Although I am a wee bit behind on my dyeing and spinning schedules, my knitting is coming nicely. I knit about 6 hats, including 4 children's hats in sweet colors and small sizes. My supply of merino came in and my first few dyepots came out very nice. No felting, but I do need to remember not to crowd the fiber in the pot - it's denser that I'm used to.

The NC Mountain State Fair begins its 10 day run this coming weekend. I've entered 2 skeins of yarn, 3 hats and a particularly fine butternut squash. It is about 5 times the size of the others already entered, but the skin was not perfect. We shall see if size really matters.

Progress on the fiber front:
  • Knitted the 6 aforementioned hats
  • Finished 6 skeins of yarn
  • Dyed roving (except while out of town)
  • Listed and sold regularly on Etsy
  • Caught up on my SMF accounting
  • Patterns well underway (samples knitted, yarn measured - still need better pictures)

Wednesday, August 27, 2008

Doin' the Tidy Up

Nothing like the new semester to force you to clean your office, file last semester's papers, organize this semester's work and generally spend a bit of time getting one's house in order. I had an outrageously busy summer with teaching an undergrad class, designing and teaching 3 (three!) new professional development workshops for teachers, including the pilot testing of some learning activities with real live students - 5th and 6th graders who attended our 'science camp.' "Next year can we do this for a whole week?" Hmmm... I am closing out one grant program and starting up a new one. But academia is still hugely better than Corporate America, so I never complain. OK hardly ever.

The Etsy store is hopping! Again, I'm not complaining, but it's all I can do to keep it full these days. I have dye(crock)pots going most mornings and evenings, with extras on the weekend, and plenty of roving shipping out in it's natural state. This morning I got up early to photograph some roving to post it later in the week, so I am trying to stay ahead. This weekend is Labor Day and my sweetie and I are heading off to spend time with friends. I plan on taking knitting, my beadbox and the unfinished patterns to finish editing and getting the photos right. Writing the patterns is fun. I thought it was a bit silly, but my colleague at Asheville Homecrafts tells me that people like to buy patterns and has asked me to develop a couple more. So that is on the list. I'm also taking sock yarn to be skeined. Not the sexiest, but it needs doing!

We got about 4 inches of rain over that last few days - Thanks, Fay. Of course I found a roof or chimney leak that I didn't know about, but that just one of the thrills of owning a house. The garden is happier already!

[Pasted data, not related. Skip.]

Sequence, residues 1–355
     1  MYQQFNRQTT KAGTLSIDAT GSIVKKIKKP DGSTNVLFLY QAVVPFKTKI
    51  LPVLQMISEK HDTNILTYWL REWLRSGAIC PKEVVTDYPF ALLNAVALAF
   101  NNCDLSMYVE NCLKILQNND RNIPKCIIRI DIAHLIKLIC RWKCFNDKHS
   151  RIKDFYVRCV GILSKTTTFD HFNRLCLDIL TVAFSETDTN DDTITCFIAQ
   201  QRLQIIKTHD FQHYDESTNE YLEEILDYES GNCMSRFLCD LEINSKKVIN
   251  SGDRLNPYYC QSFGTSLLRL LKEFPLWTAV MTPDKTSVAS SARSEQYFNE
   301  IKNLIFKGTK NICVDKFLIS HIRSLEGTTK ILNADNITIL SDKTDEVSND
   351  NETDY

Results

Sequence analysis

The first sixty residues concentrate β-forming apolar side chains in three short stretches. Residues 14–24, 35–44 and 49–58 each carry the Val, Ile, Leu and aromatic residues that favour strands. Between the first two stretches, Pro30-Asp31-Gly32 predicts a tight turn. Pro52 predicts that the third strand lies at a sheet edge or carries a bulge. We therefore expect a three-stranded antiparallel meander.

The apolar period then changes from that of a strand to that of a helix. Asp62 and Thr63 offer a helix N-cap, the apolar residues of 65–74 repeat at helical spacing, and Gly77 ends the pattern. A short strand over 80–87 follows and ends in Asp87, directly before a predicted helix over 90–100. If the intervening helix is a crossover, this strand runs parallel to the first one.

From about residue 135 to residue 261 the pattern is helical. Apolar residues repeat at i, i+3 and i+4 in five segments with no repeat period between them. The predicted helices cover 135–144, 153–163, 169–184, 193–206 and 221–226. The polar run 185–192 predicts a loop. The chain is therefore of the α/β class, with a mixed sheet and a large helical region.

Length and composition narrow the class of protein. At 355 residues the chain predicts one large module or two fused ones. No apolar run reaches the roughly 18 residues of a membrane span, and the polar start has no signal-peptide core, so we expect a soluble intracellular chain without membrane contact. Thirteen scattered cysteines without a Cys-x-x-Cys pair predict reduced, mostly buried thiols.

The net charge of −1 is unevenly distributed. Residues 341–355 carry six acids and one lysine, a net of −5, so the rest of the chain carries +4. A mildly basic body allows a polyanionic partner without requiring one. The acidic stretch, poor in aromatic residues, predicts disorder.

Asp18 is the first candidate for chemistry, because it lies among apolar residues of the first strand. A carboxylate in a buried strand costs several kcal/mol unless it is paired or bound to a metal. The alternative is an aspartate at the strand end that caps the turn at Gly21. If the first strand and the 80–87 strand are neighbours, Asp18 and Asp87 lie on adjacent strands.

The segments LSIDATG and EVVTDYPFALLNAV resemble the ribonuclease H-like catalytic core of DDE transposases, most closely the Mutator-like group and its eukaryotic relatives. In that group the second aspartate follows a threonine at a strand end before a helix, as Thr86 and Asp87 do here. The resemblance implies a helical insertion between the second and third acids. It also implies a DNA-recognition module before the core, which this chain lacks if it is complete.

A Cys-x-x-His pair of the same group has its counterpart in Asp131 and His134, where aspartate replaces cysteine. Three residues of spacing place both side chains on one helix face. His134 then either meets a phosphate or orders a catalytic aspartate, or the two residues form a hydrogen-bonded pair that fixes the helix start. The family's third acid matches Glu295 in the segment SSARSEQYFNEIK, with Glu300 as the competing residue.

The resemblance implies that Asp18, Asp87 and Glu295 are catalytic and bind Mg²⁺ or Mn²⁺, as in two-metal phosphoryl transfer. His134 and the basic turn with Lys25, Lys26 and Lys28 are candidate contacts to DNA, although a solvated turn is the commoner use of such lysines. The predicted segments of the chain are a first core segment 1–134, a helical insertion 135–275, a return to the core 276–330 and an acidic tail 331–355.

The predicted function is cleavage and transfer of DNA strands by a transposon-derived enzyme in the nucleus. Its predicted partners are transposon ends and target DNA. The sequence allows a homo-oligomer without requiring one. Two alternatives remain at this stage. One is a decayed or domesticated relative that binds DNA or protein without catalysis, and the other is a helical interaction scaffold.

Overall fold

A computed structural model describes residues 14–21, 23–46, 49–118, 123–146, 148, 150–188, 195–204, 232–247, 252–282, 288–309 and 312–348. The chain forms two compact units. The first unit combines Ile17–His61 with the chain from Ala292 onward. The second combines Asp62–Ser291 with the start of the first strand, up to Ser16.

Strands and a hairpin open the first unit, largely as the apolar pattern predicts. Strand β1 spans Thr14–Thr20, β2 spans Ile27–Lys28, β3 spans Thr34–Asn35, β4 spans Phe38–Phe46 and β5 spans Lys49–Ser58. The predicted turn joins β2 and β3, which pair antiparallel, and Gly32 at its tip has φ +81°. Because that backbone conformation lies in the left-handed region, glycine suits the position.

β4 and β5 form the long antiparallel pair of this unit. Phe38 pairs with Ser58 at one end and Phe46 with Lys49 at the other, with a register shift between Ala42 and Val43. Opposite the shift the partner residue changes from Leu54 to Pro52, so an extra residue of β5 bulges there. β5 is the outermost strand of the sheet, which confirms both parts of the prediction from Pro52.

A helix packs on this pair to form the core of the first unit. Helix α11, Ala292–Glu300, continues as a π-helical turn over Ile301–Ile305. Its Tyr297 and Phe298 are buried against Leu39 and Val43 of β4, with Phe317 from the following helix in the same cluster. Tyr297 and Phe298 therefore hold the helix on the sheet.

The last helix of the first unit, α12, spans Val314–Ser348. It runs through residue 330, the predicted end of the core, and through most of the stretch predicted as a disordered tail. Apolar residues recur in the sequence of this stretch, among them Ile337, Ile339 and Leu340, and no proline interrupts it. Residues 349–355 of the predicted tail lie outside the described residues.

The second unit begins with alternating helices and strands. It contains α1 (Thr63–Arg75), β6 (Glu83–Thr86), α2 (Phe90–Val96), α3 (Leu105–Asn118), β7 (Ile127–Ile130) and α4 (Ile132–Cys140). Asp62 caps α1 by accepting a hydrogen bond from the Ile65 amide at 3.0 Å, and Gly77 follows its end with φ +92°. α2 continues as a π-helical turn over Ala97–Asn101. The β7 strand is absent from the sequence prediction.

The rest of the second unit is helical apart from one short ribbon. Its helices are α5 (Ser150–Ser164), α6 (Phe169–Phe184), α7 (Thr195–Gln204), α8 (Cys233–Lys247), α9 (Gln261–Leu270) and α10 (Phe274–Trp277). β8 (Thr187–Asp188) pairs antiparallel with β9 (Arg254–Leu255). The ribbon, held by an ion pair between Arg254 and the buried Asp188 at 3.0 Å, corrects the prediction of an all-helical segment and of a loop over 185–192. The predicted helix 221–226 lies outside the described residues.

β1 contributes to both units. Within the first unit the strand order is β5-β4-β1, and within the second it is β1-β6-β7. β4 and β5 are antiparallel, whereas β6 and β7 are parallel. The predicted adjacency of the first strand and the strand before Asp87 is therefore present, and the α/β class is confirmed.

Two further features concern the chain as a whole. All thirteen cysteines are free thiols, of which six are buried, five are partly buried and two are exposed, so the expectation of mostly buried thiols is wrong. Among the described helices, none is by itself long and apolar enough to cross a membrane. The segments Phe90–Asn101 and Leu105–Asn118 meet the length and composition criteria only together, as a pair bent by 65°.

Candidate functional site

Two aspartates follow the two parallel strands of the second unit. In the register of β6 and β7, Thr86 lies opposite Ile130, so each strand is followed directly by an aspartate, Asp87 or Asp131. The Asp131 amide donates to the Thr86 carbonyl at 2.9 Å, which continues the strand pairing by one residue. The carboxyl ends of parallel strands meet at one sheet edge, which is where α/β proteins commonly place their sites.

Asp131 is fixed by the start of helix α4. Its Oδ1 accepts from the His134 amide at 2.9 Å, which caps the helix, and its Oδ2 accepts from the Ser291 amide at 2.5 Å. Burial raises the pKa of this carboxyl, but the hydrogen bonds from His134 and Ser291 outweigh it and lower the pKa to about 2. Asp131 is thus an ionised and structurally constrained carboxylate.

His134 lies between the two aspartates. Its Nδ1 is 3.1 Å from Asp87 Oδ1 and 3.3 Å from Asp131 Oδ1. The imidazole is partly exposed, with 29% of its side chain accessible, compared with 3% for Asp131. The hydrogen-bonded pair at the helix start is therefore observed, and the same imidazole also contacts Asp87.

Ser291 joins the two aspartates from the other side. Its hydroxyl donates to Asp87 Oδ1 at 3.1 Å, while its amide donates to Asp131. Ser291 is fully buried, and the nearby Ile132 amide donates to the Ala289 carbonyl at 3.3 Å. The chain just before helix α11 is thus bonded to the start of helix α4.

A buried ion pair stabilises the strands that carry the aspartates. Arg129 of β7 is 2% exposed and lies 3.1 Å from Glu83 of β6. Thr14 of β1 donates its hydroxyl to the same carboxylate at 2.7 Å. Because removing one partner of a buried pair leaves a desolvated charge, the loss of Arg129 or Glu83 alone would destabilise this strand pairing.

The Monday night dance with Cailen Campbell was great - fabulous music, high energy, well attended but still danceable. It was another of those nights that make me know why I call dances.

psst! 122 pounds, courtesy of the South Beach Diet. I guess I can quit now.

Monday, August 25, 2008

It's Raining!

And rain is very good news here in Western North Carolina. The region has been in extreme drought all summer for the 2nd year in a row. But luckily the tail end of tropical depression Fay is bringing us a few days of much needed rain. The garden is looking pretty peaked, the grass and a number of the perennials are about gone, but now looks like we are in for a good soaking.

Progress on the fiber front continues as well. I spun 4 big, fat Louet bobbins at the WNC Farmers Market on Saturday, drawing interested people into Locally Grown, the craft shop that sells my yarn and fiber. In the meantime I made a decent delivery to Asheville Homecrafts in the Grove Arcade, finally filling up the allotted area for hand dyed fibers in spinners' quantities. The sock yarn is doing very well there, selling several skeins per week, so I dye-painted several more skeins this weekend. They have also started stocking my patterns and have requested more.

So I have to complete the development of 'Trailside,' and 'The Mad Russian' - that's it in the photo. Sally was pretty taken with the early version of Trailside, developed for Brown Sheep Bulky, so I've decided to keep working on that pattern as well. It is a good one, and works well for commercial yarns. I've got a healthy quantity of KnitPicks Bulky, which knits to the same gauge. Sounds like just the thing for my upcoming travel knitting!